I don’t watch a lot of Hindi films actually. Perhaps it has something to do with being forced to watch them as a child. I tend to feel a disconnection as the style of acting is quite melodramatic. I did however recently watch Bombay Talkies and Barfi, which I enjoyed. I’m also an aficionado of Hindi Art Cinema, which explores unchartered terrain and crosses the taboo demarcation lines. I recently worked with legendary screen actress Shabana Azmi who was really impressed that I’d seen all of her art films. What I appreciate the most about Indian films is the cinematography. It’s enriched with colour and infused with the beauty of the land and people. The DOPs know how to light brown skin! This requires time and skill and I find in the UK, very few are able to light us properly. Maybe if there were more of our faces on the screens…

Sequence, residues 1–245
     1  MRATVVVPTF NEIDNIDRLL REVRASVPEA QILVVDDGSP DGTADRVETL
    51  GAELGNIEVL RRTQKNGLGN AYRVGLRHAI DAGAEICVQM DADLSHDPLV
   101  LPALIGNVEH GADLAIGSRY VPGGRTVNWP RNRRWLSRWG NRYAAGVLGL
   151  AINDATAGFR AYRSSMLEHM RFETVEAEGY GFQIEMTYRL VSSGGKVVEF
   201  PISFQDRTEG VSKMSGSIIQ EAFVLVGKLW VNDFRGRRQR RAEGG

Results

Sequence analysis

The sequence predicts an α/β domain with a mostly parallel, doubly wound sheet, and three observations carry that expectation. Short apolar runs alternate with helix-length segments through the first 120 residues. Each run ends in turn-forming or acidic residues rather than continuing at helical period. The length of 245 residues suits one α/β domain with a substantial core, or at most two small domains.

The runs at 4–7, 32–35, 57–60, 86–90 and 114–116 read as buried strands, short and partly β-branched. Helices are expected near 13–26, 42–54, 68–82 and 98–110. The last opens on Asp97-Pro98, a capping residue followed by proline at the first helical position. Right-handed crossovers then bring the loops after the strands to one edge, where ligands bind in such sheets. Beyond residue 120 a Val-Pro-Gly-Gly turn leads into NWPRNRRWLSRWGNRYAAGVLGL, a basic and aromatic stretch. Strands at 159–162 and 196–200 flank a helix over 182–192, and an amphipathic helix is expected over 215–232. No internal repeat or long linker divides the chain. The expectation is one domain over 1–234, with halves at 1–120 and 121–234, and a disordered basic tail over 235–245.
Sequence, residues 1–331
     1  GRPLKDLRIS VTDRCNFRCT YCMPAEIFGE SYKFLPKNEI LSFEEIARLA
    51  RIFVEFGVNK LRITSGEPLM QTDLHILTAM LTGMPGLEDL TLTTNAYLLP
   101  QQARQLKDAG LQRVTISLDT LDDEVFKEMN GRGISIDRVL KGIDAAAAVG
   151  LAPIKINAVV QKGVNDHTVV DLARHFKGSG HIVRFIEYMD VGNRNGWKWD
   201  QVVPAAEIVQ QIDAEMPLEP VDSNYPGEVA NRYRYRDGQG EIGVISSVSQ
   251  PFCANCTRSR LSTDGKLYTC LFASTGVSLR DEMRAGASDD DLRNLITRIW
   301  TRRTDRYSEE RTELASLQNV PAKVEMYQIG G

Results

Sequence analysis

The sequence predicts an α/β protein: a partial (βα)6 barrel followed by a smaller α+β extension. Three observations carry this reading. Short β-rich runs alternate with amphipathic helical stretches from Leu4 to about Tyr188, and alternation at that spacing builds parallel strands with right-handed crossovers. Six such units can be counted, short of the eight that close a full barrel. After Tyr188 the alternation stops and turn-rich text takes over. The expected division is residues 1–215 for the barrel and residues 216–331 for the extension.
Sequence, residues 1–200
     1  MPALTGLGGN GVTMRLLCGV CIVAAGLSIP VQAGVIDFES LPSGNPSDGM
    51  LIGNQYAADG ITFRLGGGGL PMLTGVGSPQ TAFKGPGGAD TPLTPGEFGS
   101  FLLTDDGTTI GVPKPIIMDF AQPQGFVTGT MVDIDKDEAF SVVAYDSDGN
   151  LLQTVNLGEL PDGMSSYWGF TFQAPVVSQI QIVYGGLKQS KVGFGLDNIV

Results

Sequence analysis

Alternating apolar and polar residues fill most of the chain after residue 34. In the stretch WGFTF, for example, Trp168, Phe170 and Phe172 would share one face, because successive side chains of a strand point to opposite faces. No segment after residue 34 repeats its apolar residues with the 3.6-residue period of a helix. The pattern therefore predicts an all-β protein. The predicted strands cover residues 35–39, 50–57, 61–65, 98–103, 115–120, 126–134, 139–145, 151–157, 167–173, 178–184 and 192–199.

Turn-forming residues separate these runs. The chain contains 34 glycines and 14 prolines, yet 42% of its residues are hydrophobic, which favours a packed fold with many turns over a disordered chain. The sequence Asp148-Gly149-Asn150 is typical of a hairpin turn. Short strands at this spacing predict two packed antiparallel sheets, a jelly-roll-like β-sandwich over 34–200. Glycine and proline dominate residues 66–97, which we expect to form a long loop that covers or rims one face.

What is coming up next for you?
I’m filming Red River; a film written, directed and produced by Emma Lindley (UK Directors to watch list). It’s about a young British Asian mother named Madhuri (who was a child bride) and is now grooming her daughter to marry a man much older than her. The story doesn’t demonise the mother but also doesn’t condone something, which is alarmingly prevalent in the UK. The Forced Marriage Unit recently reported 1,300 cases with one in eight below the age of consent. These are only the reported cases so the problem is possibly on an even greater scale. So I’m really humbled to be part of such an important film.
We would like to thank her for her incredible answers and look forward to perhaps interviewing her again one day.
Directed by Atul Malhotra, Amar Akbar and Tony, which opens on April 17th, stars Rez Kempton, Sam Vincenti, Martin Delaney, Karen David, Laura Aikman, Goldy Notay, Tanveer Ghani, Meera Syal, and Nina Wadia.